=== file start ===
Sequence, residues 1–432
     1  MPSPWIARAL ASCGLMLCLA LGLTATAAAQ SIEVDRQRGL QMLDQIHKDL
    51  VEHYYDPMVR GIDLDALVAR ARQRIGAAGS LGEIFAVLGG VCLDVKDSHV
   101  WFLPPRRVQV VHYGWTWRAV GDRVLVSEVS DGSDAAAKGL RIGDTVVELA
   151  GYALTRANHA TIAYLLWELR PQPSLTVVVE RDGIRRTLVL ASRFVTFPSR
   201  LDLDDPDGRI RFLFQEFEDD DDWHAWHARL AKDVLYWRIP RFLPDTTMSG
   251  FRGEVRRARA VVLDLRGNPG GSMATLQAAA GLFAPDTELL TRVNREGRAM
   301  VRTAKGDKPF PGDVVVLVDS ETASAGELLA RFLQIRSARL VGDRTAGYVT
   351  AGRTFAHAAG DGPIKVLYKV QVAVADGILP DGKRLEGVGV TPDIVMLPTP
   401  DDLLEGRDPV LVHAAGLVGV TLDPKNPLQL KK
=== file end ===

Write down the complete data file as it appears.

Sequence, residues 1–432
     1  MPSPWIARAL ASCGLMLCLA LGLTATAAAQ SIEVDRQRGL QMLDQIHKDL
    51  VEHYYDPMVR GIDLDALVAR ARQRIGAAGS LGEIFAVLGG VCLDVKDSHV
   101  WFLPPRRVQV VHYGWTWRAV GDRVLVSEVS DGSDAAAKGL RIGDTVVELA
   151  GYALTRANHA TIAYLLWELR PQPSLTVVVE RDGIRRTLVL ASRFVTFPSR
   201  LDLDDPDGRI RFLFQEFEDD DDWHAWHARL AKDVLYWRIP RFLPDTTMSG
   251  FRGEVRRARA VVLDLRGNPG GSMATLQAAA GLFAPDTELL TRVNREGRAM
   301  VRTAKGDKPF PGDVVVLVDS ETASAGELLA RFLQIRSARL VGDRTAGYVT
   351  AGRTFAHAAG DGPIKVLYKV QVAVADGILP DGKRLEGVGV TPDIVMLPTP
   401  DDLLEGRDPV LVHAAGLVGV TLDPKNPLQL KK